I may be the only person on the planet who never shared a smoke or a drink with the brilliant author/bon vivant Christopher Hitchens, who died Thursday at age 62 of pneumonia brought on by esophageal cancer. But his work suggests that if his strident atheism is wrong and there is an afterlife after all, he might well be cringing at the ocean of saccharine sentimentalism now flooding the media universe.
Hitchens was so prolific, one had to pick and choose among his many books, essays and journalism. He had the erudition and wit to annihilate such deserving targets as Henry Kissinger and Pope Benedict XVI. His polemics against more admired characters like Bill Clinton and Mother Teresa can also be enlightening and entertaining even as they tip overboard.
Hitchens' defense of Bush-Cheney's disastrous Iraq War was, to put it mildly, wrongheaded, and too often arrived in the form of scathing insults against anti-war activists. The same man who expressed pride in having "soldiered against the neoconservative ratbags" in 1999 came to write "A War To Be Proud Of" for Rupert Murdoch's Weekly Standard just a few years later. He revealed his preference for Bush over John Kerry in an article published in The Nation just a few weeks before the worst president in our lifetimes narrowly won a second term. By 2005, Hitchens was a figure "honored throughout the neoconservative Right," according to The American Conservative.
During his last years, Hitchens' writing remained amazingly muscular even as his body betrayed him. In the January issue of Vanity Fair, he calls on his own painful experience to deliver a bullseye parting shot to the inane cliche, "Whatever doesn't kill me makes me stronger" with an unvarnished account of how his disease made him substantially weaker. He cites others who have gotten the anything but stronger in the face of illness, including German philosopher Friedrich Nietzsche -- the man usually credited with inventing the maxim -- who apparently lost his mind to syphilis and lived his final years in agony.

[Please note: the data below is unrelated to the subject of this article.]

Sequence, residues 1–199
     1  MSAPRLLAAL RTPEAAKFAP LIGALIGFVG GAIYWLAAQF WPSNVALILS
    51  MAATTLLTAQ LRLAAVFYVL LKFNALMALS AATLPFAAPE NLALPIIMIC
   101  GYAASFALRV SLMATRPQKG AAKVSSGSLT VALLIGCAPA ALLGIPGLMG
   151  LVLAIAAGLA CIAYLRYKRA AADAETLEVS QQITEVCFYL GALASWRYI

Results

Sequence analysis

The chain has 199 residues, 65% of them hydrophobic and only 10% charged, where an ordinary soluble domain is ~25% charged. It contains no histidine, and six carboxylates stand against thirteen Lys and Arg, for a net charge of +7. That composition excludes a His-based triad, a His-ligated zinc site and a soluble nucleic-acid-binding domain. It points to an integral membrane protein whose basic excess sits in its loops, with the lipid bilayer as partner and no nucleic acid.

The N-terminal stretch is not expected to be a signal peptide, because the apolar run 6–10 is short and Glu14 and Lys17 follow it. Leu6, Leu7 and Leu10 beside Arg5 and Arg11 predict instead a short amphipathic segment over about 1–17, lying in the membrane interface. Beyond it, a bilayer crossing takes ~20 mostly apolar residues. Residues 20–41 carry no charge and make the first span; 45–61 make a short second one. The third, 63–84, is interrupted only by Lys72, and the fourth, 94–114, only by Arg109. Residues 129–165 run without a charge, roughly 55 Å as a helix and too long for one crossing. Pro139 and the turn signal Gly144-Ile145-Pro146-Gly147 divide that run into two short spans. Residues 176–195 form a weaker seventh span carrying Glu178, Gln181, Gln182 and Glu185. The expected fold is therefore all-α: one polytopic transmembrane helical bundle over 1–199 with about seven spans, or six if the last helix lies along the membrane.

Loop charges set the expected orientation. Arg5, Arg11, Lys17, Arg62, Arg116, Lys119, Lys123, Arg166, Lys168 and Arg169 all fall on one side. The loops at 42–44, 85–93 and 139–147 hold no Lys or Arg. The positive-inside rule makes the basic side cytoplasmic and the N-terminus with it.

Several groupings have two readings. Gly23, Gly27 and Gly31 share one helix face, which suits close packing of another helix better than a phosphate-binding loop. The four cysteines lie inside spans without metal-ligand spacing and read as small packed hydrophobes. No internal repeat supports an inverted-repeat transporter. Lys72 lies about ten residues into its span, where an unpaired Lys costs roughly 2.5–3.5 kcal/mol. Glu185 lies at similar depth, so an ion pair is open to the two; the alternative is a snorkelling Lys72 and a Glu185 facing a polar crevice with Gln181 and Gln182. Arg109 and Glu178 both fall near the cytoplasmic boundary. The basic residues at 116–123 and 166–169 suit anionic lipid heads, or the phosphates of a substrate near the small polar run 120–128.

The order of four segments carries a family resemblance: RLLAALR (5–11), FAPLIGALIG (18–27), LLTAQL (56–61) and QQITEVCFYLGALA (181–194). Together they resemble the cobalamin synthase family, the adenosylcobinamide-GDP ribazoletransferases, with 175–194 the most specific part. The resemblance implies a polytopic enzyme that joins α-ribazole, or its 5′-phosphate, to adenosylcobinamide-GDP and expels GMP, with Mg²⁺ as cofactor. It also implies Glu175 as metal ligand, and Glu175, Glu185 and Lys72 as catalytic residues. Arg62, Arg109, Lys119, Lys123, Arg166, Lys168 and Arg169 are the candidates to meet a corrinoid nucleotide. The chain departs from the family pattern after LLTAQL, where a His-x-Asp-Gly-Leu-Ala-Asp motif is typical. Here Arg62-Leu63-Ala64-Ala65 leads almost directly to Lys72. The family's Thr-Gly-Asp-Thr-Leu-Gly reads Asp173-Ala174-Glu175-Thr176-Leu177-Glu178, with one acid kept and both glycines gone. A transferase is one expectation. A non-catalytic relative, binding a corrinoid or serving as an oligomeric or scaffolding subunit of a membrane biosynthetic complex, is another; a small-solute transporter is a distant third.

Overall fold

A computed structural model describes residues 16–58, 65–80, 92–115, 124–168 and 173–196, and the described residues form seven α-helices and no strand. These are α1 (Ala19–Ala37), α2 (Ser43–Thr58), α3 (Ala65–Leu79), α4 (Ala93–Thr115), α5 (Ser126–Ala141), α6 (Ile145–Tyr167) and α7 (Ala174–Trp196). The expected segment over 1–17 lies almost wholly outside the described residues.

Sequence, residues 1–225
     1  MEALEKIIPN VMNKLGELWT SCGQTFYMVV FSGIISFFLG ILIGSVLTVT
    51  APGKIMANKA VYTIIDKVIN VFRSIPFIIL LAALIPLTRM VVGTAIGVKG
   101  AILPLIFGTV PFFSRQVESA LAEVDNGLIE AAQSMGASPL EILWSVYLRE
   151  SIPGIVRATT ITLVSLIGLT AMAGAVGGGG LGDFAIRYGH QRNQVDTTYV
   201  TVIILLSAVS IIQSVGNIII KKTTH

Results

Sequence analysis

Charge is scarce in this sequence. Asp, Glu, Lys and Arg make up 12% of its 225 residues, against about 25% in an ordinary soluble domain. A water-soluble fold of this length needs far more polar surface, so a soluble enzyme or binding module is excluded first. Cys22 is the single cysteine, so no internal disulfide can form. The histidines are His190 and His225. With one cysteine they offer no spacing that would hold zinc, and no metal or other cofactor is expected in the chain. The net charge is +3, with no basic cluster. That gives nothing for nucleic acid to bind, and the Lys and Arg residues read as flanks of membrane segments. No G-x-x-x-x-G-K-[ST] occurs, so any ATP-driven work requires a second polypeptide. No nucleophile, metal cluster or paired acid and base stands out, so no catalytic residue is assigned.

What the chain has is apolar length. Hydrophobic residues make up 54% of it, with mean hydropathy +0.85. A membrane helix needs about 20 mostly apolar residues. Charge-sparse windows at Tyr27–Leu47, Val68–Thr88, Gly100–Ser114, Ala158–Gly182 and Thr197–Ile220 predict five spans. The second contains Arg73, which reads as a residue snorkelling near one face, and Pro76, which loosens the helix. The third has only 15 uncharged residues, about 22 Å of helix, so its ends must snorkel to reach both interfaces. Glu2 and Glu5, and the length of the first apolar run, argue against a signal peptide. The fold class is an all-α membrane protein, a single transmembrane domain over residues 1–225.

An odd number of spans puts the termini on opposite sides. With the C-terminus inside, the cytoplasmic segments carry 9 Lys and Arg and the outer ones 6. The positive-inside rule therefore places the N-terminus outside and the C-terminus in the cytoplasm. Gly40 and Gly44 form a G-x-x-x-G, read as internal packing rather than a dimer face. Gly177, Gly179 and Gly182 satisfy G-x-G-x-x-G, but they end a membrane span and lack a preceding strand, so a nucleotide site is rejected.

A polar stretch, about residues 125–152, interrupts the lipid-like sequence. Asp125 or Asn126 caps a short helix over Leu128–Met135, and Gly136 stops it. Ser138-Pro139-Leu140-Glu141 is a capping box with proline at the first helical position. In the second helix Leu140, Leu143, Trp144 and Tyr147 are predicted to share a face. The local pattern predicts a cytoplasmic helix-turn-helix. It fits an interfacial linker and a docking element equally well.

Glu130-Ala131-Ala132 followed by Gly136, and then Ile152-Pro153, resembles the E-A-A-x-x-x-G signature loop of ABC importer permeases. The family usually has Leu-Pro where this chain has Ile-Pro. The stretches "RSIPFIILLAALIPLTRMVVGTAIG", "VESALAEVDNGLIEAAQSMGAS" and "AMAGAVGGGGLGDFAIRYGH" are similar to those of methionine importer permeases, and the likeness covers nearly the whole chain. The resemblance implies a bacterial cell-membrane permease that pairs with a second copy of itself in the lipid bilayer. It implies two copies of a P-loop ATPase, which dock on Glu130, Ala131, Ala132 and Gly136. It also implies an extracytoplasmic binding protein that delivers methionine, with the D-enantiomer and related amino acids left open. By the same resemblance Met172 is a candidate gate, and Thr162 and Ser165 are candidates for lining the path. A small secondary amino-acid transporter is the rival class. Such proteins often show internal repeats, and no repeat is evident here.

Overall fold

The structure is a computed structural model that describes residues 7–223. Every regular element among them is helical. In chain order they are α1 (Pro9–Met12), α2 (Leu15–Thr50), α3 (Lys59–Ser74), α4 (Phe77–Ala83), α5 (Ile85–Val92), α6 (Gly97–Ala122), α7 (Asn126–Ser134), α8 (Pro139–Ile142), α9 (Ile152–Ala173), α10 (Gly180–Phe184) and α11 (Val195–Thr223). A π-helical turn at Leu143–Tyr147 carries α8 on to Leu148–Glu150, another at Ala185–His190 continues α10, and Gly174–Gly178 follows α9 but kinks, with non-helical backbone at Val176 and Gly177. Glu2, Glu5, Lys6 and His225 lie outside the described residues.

"What doesn't kill me makes me stronger" isn't just foolish. It can also do damage to those who believe it and yet find themselves "failing" to be strong. This outlook leads to another dumb idea: that we must fail -- and fail big -- to succeed, an especially galling canard when it emanates from mega-rich superstars and billionaires. Michael Jordan doesn't make me feel any better when he says that he only became the best basketball player in history because he "failed over and over and over again." Nor does Steven Tyler when he implies in his recent memoir that we too can become zillionaire rock gods and American Idol judges, but if and only if we "dare to suck." And when Soichiro Honda said, "Success is 99 percent failure," I doubt he meant this 99 percent.
"No pain, no gain," is another ill-conceived cliche with, er, painful implications. As David B. Morris, author of The Culture of Pain, pointed out in The Scientist, "No Pain, No Gain" is "an American modern mini-narrative: it compresses the story of a protagonist who understands that the road to achievement runs only (itals mine) through hardship."
Let's get this straight. If you fail to heed these platitudes -- that is, if you fail to fail properly -- you're sure to fail. And that brand of failure fails to lead to the right kind of success!
All this might pass for benign psychobabble but for its implications for the millions who have worked hard and played by the rules in recent years, yet have still lost their jobs, homes and health insurance. Even more insulting is the implied obverse of these tropes: if you don't work hard and don't play by the rules, you won't make it. One need look no farther than the scores of crooked millionaire and billionaire bankers who've failed epically and even criminally and still strolled away from their messes prosecution-free and with huge fortunes.
Failure to fail properly hasn't always been seen as a character deficiency. Scott A. Sandage's recent book Born Losers: A History of Failure in America says that in the early 19th century the word "failure" referred only to a business loss. It took generations until being a "loser in life" came to suggest a lack of "up-by-the-bootstraps" drive.
Common sense dictates that we can learn much from overcoming adversity. But there is no inherent virtue in suffering, and not all suffering leads to success. Sometimes, stuff just hurts.
Christopher Hitchens' deft dispatching of what he called "facile maxims that don't live up to their billing" points toward something that truly does make us stronger: the truth.